On Friday, November 2, 2018, HB 318 goes into effect, which implements new school discipline procedures for students. It also mandates particular qualifications and specialized training requirements for school resource officers (SRO).
Changes to Student Discipline
HB 318 changes student suspension, expulsion and emergency removal procedures. These revised student discipline procedures are divided into two general categories: (1) provisions affecting all students regardless of grade level and (2) provisions applicable to students in grades pre-K through three.
Suspension, Expulsion and Emergency Removal Procedures for All Students, Regardless of Grade Level
HB 318 specifies several changes to suspension, expulsion and emergency removal procedures for all students, regardless of grade level:
- A student may be expelled for bringing or possessing a knife only if it is “capable of causing serious bodily injury,” as defined by the school district or school governing authority.
- A district or school is required (rather than permitted as under former law) to allow a student to complete classroom assignments missed during suspensions.
- An “in-school suspension” must, in its entirety, be served in a supervised learning environment.
- A superintendent or principal is no longer required to notify the treasurer within one school day after a student’s suspension. But, the requirement that the treasurer be notified within one school day after a student’s expulsion remains.
- If a student is emergency removed because his/her presence poses a danger to others or a threat of disrupting the classroom, the post-removal hearing must be held the next school day after removal.
Suspension, Expulsion and Emergency Removal Procedures for Students in Grades Pre-K through Three
HB 318 identifies significant procedural changes with respect to suspension and expulsion of students in grades pre-K through three:
- Schools are prohibited from issuing an out-of-school suspension or expulsion for a student in grades pre-K through three, except for serious offenses or as necessary to protect the immediate health and safety of the student, classmates, classroom staff and teachers, or others. This prohibition will be phased in over time with out-of-school suspensions for “minor offenses” for students in grades pre-K through three being completely eliminated by the 2021-2022 school year.
- Schools are still permitted to issue in-school suspensions so long as the suspension is served in a supervised learning environment.
- A student in grades pre-K through three who is emergency removed must be permitted to return to curricular and extracurricular activities on the school day following the day of the student’s removal. If the student returns to activities in accordance with this requirement, the district or school can forego the written notice and one-day post-removal hearing requirements. The school district may not initiate suspension or expulsion proceedings against the student unless (1) the student committed a serious offense, or (2) it is necessary to protect the immediate health and safety of the student, the student’s classmates or the classroom staff and teachers.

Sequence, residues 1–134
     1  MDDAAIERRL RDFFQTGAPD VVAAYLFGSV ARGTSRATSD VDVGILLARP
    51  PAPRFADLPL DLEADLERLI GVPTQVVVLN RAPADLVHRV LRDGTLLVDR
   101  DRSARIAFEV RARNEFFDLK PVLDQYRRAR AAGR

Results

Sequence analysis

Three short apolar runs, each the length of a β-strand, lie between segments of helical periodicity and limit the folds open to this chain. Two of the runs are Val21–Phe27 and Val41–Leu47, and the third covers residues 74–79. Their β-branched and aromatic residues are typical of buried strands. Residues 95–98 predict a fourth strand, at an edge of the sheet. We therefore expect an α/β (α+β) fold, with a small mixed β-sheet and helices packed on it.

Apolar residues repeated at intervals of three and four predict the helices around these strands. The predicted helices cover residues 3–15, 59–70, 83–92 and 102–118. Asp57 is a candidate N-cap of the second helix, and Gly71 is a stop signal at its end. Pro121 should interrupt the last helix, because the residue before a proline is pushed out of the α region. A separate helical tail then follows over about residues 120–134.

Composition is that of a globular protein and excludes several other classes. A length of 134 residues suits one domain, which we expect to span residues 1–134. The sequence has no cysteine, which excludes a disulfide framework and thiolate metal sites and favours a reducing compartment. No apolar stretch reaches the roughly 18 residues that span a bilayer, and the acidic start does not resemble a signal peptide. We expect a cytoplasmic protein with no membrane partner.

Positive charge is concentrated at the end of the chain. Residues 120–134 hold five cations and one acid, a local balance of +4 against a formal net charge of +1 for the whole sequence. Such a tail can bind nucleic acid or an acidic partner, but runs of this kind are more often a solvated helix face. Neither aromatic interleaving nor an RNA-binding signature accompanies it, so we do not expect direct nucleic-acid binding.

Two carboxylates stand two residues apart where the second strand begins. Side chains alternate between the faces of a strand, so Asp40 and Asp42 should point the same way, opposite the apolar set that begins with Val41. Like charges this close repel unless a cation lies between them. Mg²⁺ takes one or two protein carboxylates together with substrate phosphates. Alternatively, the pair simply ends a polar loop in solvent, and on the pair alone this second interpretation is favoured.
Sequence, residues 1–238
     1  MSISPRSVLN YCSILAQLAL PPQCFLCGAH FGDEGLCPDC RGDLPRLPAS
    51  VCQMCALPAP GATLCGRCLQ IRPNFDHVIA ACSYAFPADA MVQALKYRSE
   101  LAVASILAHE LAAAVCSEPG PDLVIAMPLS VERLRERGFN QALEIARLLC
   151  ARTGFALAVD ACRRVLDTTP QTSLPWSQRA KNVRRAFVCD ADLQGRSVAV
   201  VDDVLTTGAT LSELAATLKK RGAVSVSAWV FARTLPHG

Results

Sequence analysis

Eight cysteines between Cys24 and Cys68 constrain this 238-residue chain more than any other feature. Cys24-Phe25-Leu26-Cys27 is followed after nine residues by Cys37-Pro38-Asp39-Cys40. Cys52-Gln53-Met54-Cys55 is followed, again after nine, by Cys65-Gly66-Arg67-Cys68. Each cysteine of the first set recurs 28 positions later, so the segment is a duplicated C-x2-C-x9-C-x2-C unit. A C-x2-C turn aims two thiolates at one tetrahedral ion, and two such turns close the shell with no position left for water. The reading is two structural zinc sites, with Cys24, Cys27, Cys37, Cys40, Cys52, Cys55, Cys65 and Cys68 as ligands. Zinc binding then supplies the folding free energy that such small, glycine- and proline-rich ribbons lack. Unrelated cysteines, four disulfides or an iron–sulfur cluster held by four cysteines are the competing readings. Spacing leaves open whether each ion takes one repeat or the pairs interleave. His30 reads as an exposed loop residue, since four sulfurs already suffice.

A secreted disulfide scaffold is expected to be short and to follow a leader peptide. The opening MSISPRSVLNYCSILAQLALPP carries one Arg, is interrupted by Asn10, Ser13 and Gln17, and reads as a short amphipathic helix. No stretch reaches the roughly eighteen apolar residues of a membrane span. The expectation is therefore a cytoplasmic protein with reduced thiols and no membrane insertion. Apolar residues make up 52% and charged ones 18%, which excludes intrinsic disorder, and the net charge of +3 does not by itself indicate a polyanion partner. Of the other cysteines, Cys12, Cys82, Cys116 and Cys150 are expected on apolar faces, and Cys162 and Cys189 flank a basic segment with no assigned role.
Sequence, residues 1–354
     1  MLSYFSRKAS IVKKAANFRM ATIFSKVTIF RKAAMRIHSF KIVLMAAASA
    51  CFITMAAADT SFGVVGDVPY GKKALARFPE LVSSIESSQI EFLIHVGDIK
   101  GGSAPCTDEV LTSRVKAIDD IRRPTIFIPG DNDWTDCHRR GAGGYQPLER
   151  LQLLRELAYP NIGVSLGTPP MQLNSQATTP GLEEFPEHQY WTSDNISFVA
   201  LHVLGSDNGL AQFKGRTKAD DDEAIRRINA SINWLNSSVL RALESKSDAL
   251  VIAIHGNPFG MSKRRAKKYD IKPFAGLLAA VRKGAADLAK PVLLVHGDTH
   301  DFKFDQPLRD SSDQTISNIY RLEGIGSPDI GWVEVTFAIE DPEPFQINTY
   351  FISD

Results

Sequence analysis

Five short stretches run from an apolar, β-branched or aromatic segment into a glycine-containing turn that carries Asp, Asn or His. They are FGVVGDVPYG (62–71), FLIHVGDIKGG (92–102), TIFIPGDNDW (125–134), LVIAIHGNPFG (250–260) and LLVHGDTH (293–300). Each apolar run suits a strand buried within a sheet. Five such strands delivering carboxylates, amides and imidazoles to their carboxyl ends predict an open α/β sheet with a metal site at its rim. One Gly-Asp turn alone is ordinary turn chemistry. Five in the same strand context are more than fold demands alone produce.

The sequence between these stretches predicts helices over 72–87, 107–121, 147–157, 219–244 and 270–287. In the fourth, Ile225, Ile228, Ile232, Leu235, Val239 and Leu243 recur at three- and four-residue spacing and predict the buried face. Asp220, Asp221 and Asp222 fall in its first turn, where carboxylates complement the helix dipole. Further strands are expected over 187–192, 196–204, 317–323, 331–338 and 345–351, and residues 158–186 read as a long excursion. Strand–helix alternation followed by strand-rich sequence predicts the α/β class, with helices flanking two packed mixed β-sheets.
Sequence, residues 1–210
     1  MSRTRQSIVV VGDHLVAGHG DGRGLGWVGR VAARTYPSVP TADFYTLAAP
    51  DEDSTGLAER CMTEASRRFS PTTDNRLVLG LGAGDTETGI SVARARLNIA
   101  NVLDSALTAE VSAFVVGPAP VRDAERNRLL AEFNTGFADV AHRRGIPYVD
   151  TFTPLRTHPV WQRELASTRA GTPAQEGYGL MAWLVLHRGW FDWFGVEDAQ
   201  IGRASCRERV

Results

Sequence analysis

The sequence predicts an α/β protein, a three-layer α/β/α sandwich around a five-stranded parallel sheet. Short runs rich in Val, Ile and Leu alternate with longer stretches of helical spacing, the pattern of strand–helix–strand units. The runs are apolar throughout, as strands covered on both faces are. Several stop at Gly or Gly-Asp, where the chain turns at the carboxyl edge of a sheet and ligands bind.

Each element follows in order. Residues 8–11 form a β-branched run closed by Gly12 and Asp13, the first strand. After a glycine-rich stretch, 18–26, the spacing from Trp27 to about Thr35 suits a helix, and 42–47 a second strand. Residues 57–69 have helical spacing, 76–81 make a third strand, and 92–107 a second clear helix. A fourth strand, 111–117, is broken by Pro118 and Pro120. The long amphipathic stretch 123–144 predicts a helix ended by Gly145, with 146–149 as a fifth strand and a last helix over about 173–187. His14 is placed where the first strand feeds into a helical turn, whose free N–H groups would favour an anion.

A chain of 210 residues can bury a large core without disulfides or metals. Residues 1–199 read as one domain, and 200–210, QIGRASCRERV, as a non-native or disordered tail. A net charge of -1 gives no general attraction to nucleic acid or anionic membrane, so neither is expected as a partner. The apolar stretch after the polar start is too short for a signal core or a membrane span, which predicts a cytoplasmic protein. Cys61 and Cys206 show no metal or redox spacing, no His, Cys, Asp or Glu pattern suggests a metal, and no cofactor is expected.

Changes to SRO Requirements
HB 318 defines the responsibilities of an SRO to include: providing a safe learning environment, fostering positive relationships, developing problem resolution strategies, assisting schools in adopting, implementing and amending comprehensive emergency management plans (including required consultation with local law enforcement and first responders), and providing resources to school staff. Most significantly related to SROs, HB 318 requires:
- 40 hours of specialized training for any SRO appointed on or after November 2, 2018. The training must be offered by the National or Ohio Association for School Resource Officers or a peace officer certified to conduct an SRO training course. This training includes information on the SRO’s role in discipline and communication with students; developmentally appropriate interview, interrogation, de-escalation and behavior management strategies; classroom management and support tools for students (including those with special needs); and drug use identification and prevention. Previously appointed SROs are exempt from these new specialized training hours, but require basic training approved by the Ohio Peace Officer Training Commission pursuant to Ohio law.
- Any school district that utilizes SRO services to enter into a Memorandum of Understanding (MOU) with the appropriate law enforcement agency. The MOU should clarify the purpose and goals of the SRO program as well as the roles and expectations between participating entities. For previously appointed SROs, school districts have until November 1, 2019 to enter into the required MOU.
School districts are encouraged to learn the changes of HB 318 and implement the new requirements in a timely manner. It is also advisable to seek the input of legal counsel to proactively avoid any liability issues that may arise.
James McWeeney and Lisa Woloszynek are attorneys at Walter | Haverfield who focus their practices on education law. James can be reached at firstname.lastname@example.org or at 216-928-2959. Lisa can be reached at email@example.com and at 216-619-7835.